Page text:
It is not just Bryan Redpath and the team who have been getting ready for the new Greene King IPA Championship season, Head Groundsman Ryan Golding and his team have been working hard behind the scenes too.

The club’s groundstaff have been working around the clock on the first major renovation on the Headingley Carnegie pitch since it was reconstructed in 2012.
 
The work began immediately following Leeds Rhinos last home game against Wigan a month ago as the posts were taken down and the work began to take up the old pitch before the Rhinos players had even left the dressing rooms following the win over the Warriors.
 
The work was completed in conjunction with Premier Pitches, with aid in fertilisers and bio stimulants from ICL and the fibresand from Mansfield Sand.
The specific aim of the renovation was a fibresand regeneration which removes the organic layer and thatch that has built up in the surface itself. This has needed removing since the pitch was laid as turf in 2012 but this is the first time we have had a chance with the crossover of both codes to complete it. This is the quickest to have ever being completed on a fibresand surface in a stadium environment (27 days) and the quickest in the process being completed. It usually takes 50-55 hours to take the pitch up, renovate and seed a new pitch, the Headingley Carnegie groundstaff completed the job in a remarkable 36 hours, working around the clock to get the job done and ensure the pitch had the longest possible time to regrow ahead of tonight’s game.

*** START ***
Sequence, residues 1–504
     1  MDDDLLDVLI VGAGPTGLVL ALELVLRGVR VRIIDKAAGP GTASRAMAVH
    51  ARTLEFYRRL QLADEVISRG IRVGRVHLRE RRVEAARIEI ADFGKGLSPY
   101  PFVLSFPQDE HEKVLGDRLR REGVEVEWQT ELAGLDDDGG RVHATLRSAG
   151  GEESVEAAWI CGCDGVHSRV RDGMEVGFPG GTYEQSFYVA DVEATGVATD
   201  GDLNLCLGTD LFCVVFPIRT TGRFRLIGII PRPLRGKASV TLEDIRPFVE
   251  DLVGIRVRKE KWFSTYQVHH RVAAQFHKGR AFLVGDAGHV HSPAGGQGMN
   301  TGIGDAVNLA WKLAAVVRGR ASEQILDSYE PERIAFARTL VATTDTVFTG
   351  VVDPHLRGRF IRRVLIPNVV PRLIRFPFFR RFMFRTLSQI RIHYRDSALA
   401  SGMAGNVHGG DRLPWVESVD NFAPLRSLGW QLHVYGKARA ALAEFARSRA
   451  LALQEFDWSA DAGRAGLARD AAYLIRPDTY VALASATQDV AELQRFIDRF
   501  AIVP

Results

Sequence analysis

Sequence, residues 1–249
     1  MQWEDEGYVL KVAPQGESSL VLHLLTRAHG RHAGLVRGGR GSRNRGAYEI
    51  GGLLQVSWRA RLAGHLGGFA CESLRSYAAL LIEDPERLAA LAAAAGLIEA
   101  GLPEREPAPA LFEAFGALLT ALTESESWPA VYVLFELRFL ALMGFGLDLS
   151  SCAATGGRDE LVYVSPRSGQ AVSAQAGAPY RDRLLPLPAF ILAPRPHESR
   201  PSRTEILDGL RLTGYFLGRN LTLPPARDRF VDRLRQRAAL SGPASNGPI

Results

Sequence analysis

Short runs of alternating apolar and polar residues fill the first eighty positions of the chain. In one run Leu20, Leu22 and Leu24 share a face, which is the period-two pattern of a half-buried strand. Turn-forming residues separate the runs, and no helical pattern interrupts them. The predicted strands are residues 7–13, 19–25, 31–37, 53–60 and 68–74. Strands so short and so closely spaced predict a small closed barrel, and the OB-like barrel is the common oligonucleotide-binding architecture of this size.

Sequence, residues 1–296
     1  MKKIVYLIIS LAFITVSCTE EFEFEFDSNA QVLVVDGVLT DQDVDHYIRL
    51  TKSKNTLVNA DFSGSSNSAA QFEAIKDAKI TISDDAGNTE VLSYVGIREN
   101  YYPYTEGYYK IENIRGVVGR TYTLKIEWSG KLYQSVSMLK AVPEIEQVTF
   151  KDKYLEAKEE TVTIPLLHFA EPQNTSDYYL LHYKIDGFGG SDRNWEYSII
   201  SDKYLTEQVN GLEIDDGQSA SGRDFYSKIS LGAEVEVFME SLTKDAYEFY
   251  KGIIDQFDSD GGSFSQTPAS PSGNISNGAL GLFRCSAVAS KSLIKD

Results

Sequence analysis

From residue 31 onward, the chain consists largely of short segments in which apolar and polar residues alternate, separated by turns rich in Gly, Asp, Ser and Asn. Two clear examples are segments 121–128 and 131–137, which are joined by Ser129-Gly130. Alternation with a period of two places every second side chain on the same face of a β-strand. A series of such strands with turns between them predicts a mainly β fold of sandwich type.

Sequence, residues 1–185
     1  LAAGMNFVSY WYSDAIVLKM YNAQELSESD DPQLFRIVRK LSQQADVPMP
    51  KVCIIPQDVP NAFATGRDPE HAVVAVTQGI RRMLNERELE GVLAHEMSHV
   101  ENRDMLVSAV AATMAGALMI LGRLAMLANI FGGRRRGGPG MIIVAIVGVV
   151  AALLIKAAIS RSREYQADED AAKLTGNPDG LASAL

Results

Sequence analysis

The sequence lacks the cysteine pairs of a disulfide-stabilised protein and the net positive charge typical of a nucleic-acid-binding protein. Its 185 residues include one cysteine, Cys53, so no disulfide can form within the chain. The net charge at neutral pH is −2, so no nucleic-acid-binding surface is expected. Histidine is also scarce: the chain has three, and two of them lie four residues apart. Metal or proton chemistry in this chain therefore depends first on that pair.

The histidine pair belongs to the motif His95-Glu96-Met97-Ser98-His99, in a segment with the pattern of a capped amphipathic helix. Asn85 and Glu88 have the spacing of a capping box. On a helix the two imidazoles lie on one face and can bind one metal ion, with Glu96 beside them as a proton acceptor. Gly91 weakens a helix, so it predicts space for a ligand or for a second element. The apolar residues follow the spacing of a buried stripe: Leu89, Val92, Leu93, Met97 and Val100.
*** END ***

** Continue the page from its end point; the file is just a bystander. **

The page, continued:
The process began with removing the existing layer using a Koro machine, which removed the top layer of the pitch just leaving the fibre sand surface. The team then added the fibre concentrate to the surface, using a power harrow to mix it into the surface. The pitch was then rolled to get the surface back to the appropriate levels and was overseeded in four directions to give total coverage. Numerous fertilisers and bio stimulants were then applied before the whole pitch was covered in white germination sheets to maximise the excellent growing conditions. The sheets removed after five days and grass was already clearly visible right across the pitch.
 
The team used 500KG of perennial ryegrass seed on the pitch having removed 360 tonnes of spoil off the pitch. Over 400KG of fertiliser was used on the pitch including seaweed which now means that the pitch is currently growing 4mm every day meaning the grounds team cut twice a day.
 
The soil temperatures got up to 20c in the first week which aided the growth but that meant the club’s state of the art irrigation system was in full use with, on average, 4mm-8mm of water applied across the pitch every day.
 
The Headingley Carnegie pitch, like all pitches, has its own unique micro-climate that means the groundstaff have to be fully on top of the specific needs of our pitch.  For example, the South Stand is on average 4c – 6c colder than the North stand so takes slightly longer to establish. The past week has seen the process continue as the team have been working very hard in getting the grass plant as strong as possible and getting the roots down, they are currently at 20mm deep.
 
Commenting on the whole process Head Groundsman Ryan Golding commented, “The whole renovation could not have gone better for us. A great deal of planning went in beforehand because of the extremely narrow window we have to get the job done. The lads worked incredibly hard in the first two days and, on behalf of everyone at the club, I would like to thank them for their efforts. We have reaped the rewards by getting ahead of ourselves and we were then blessed with near perfect growing conditions that week which meant we could maximise the opportunity.”